Lord Mackay of Drumadoon: My Lords, Amendment No. 49 is grouped with Amendment No. 50 in the names of myself and my noble friends. My amendment seeks to put in very similar, but not identical, terms the point made by the noble Earl in Amendment No. 49. We seek to provide that when the sheriff makes an interim sex offender order the same legal test should be applied as that which he is required

17 Mar 1998 : Column 676

to apply when he makes a permanent order. The amendment seeks to ensure that at least part of subsection (2)(b) is satisfied; namely, that there has to be,

    "reasonable cause to believe that an order ... is necessary to protect the public from serious harm from him"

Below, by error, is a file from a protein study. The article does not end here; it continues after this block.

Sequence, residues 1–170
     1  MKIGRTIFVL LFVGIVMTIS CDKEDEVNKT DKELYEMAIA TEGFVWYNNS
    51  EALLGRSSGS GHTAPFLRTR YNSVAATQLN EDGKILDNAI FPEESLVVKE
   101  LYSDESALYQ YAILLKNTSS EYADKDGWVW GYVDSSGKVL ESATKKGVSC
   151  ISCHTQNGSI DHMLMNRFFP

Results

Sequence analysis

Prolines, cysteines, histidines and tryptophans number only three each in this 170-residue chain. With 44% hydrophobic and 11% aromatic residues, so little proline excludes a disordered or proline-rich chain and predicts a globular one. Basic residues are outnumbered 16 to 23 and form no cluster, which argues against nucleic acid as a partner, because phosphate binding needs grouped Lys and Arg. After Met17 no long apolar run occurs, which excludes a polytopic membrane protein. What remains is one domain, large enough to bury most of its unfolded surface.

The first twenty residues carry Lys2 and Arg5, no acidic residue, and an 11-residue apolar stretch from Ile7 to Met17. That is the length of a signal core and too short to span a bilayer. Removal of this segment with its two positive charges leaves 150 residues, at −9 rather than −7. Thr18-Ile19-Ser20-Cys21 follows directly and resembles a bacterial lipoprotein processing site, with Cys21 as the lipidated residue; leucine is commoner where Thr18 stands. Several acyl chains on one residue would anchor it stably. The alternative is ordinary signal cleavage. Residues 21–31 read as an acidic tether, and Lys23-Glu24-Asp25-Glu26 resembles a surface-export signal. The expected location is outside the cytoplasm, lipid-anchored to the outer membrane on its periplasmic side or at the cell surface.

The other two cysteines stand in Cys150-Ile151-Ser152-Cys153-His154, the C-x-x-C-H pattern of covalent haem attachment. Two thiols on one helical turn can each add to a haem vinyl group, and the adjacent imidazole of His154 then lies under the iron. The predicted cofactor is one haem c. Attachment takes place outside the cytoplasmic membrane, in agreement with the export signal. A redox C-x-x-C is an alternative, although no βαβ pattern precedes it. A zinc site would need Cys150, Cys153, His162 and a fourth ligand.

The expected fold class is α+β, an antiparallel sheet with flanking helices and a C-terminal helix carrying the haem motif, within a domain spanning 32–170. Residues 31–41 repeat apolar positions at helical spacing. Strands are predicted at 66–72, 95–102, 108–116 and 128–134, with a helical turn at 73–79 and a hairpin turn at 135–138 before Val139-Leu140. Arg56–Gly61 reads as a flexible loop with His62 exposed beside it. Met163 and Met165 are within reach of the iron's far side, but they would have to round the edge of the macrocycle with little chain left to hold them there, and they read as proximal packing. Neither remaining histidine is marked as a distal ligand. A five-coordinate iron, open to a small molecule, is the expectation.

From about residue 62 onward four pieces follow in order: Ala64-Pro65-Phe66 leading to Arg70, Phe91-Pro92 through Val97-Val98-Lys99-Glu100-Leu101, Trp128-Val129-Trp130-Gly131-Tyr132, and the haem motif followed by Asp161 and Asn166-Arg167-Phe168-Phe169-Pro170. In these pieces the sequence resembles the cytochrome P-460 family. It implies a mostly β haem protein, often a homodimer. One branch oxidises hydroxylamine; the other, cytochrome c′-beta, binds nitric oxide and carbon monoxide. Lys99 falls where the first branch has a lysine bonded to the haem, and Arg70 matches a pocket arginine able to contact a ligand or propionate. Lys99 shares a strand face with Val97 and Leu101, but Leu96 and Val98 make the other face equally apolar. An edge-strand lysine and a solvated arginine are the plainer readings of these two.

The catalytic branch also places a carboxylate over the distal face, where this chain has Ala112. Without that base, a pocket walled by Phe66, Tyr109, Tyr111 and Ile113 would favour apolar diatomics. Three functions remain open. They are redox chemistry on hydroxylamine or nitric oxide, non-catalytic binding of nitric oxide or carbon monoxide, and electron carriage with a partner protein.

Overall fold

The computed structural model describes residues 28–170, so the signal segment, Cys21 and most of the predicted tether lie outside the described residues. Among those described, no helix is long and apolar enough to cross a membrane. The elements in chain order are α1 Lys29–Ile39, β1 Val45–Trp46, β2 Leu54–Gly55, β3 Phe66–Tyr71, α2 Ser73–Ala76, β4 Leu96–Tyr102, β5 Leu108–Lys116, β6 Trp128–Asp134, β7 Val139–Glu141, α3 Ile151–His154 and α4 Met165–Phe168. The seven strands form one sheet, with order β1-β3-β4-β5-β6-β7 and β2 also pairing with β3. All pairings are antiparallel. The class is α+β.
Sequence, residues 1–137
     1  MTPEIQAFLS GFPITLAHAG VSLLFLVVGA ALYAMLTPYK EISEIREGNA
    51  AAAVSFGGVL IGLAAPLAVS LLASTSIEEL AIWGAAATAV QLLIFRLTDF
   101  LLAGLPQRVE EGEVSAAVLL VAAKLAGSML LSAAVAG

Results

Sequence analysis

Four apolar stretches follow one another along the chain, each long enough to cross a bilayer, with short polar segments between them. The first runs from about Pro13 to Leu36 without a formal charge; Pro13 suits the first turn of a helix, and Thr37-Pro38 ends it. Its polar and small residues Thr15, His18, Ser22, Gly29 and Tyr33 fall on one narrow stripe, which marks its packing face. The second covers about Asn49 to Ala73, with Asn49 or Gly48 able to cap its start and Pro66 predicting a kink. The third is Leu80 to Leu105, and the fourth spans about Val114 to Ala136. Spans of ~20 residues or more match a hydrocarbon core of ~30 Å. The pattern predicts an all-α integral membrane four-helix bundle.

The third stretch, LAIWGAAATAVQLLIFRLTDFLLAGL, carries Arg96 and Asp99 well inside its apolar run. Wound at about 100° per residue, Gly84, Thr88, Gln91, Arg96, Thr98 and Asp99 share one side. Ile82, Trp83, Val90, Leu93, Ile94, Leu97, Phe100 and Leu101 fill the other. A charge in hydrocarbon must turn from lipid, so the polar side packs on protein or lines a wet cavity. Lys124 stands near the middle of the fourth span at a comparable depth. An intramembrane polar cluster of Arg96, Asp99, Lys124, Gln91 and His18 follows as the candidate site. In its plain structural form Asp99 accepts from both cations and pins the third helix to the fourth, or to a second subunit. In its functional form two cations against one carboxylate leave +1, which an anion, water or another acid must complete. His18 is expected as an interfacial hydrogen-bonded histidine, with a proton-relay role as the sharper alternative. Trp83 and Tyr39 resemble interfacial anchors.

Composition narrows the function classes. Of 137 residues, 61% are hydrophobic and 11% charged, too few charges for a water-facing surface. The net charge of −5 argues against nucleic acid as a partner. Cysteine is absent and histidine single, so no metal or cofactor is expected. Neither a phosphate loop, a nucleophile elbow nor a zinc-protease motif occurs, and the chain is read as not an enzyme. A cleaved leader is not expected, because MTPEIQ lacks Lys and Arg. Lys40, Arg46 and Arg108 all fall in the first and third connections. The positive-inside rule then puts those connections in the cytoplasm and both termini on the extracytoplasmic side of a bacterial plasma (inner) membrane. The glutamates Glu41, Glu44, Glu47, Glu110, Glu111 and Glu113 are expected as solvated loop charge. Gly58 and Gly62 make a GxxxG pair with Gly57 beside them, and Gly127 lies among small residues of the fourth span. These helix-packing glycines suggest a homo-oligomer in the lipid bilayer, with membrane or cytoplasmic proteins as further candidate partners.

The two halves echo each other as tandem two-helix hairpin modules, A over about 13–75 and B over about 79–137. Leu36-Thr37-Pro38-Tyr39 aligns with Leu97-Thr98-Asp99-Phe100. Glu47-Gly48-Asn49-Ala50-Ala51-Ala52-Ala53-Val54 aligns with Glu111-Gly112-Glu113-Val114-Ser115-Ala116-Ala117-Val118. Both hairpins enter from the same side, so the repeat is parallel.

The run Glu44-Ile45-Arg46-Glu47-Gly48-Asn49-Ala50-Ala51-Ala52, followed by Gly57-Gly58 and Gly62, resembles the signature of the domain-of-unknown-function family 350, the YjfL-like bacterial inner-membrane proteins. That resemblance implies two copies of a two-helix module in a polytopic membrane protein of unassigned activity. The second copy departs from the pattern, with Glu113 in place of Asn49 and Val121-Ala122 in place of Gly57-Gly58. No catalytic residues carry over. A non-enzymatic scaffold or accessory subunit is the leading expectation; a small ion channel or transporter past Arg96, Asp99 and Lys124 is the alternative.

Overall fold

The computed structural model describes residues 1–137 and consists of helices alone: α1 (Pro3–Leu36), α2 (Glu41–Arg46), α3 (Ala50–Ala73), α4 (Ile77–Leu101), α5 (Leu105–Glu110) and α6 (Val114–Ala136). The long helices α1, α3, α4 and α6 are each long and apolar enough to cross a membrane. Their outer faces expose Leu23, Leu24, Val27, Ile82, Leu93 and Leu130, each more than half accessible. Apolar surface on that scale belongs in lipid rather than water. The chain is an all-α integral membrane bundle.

and that it is the same high test which is necessary before an interim order is pronounced.

When this matter was debated in Committee, as I recollect it the noble and learned Lord the Lord Advocate said that he would not wish to unnecessarily fetter the sheriff's discretion when dealing with interim orders. But the same legal test ought to apply because once the order is pronounced the same criminal sanctions will apply if the offender breaches it. I believe that it would be wrong to have a lesser or more discretionary test available at the interim stage than that which requires to be followed when a permanent order is pronounced. For that reason I support the amendment moved by the noble Earl.

Lord Hardie: My Lords, these amendments would reduce the sheriff's discretion over when he could make an interim order under Clause 19. Instead of being able to make such an order when he considered it appropriate, he would only be able to do so if he considered one necessary in the interests of public safety or to protect the public from serious harm.